Kīholo is located in a region dominated by lava fields that is poetically referred to as Kekaha wai ʻole o nā kona (the waterless coastal lands of the Kona districts).
In addition to the many fishing traditions of this area, Kīholo was home to one of the largest loko iʻa (fish pond) in Hawaiʻi, which was established in the 1600s. After some time of disuse, the loko iʻa was restored to working condition in the early 1800s under the rule of King Kamehameha.
In 1859 Kahōkūohawaiʻi, a keikialiʻi (prince), visited Kīholo to request the ʻanae (mullet) for which the pond was famous. When his request was denied he traveled to visit Pele, the goddess of volcanoes, and asked her to fill the Kīholo fish pond in revenge.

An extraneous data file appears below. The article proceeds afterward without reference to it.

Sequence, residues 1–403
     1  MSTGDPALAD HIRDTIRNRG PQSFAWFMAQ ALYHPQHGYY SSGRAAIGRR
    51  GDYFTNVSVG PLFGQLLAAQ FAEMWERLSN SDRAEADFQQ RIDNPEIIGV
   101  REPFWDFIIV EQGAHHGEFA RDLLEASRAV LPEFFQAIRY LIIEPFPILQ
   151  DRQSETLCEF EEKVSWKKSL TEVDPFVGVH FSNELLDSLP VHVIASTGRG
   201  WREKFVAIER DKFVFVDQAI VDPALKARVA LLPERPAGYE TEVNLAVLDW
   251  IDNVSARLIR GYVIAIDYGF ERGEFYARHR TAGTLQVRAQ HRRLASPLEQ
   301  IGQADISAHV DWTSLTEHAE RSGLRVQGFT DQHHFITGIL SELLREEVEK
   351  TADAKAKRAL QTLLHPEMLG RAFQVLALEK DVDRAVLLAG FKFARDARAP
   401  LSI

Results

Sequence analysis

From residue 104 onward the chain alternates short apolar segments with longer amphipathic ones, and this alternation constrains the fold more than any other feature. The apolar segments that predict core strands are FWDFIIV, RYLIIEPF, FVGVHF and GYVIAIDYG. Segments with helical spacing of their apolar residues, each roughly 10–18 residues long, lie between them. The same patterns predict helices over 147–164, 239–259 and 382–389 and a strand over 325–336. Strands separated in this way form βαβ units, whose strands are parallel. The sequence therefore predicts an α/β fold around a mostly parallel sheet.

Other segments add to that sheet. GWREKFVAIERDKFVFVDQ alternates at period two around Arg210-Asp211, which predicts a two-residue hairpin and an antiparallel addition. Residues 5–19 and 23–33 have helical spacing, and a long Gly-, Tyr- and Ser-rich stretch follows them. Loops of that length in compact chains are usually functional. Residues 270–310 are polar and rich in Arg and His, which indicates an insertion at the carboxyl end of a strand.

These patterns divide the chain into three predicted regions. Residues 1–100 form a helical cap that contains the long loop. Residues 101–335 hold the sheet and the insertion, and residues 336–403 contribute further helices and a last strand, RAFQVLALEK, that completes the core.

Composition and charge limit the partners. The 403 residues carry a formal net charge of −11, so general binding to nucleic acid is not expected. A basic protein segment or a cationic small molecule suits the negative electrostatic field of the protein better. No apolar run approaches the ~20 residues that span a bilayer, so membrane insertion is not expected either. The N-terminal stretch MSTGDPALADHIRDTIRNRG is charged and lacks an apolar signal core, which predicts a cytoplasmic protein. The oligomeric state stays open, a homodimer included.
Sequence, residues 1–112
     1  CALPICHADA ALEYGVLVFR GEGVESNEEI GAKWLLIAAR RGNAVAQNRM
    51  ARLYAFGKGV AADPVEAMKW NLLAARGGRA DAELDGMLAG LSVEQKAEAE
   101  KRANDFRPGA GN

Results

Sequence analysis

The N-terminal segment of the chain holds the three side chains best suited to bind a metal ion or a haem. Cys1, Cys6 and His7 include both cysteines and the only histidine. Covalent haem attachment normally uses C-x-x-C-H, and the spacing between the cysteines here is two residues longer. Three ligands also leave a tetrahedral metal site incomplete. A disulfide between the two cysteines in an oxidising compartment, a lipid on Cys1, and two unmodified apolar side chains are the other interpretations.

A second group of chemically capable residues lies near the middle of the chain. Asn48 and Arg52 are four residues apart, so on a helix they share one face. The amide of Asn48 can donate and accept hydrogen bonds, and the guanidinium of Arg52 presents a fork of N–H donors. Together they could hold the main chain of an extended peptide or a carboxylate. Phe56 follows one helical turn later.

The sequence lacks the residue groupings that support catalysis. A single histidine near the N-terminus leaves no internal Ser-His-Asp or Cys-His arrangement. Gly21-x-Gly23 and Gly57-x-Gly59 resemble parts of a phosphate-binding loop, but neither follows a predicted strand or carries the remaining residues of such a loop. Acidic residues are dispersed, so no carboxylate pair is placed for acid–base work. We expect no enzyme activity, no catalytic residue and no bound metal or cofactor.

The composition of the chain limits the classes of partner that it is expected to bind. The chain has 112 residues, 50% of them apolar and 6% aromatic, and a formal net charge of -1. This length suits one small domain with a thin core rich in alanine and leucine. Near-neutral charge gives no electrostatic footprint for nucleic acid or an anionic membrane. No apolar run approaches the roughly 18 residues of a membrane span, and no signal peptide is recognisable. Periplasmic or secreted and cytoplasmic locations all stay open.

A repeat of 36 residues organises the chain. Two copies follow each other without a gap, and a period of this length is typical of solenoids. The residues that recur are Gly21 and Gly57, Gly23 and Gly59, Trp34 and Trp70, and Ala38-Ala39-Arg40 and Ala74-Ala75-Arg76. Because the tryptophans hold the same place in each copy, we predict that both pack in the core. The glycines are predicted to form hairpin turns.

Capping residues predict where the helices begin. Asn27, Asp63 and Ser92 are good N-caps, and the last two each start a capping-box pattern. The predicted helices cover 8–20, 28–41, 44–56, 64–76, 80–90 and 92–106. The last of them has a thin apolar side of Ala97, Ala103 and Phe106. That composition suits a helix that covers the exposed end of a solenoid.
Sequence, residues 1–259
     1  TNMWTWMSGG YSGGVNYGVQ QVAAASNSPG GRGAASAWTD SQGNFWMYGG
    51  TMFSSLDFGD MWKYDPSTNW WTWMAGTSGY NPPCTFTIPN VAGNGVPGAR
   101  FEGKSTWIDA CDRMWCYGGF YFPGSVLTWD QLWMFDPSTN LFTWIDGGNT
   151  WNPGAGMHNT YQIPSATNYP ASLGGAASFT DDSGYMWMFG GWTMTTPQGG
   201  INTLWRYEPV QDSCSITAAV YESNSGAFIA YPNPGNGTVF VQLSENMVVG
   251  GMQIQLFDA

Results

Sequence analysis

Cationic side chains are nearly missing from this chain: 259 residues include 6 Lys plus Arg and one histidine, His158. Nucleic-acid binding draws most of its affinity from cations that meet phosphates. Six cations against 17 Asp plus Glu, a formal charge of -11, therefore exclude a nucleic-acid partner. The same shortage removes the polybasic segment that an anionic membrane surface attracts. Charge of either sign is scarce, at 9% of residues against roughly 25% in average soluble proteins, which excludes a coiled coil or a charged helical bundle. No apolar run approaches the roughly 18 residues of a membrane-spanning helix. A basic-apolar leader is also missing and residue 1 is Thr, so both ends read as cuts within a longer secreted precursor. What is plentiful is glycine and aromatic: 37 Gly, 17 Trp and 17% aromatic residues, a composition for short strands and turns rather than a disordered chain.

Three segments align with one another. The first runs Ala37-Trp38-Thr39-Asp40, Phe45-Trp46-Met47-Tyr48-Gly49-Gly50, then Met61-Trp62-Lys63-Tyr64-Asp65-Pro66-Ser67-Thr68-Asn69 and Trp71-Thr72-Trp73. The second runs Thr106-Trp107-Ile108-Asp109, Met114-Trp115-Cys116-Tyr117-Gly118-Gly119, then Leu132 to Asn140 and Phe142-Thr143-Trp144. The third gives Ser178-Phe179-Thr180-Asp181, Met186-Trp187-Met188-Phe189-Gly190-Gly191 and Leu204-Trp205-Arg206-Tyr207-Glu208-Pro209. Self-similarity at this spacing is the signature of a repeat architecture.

Pele obliged Kahōkūohawaiʻi’s request, nearly filling the entire loko iʻa. The rock wall that enclosed the loko iʻa was engulfed in lava, and can still be seen til this day.
As the loko iʻa has gone through cycles of care and neglect in the past, the Kīholo community is re-establishing their relationship to this place by restoring the loko iʻa to working capacity.
Information on various methods used to research coral health
Explore and compare data between sites, species, or by specific diseases
Information about Coral Health and why it is important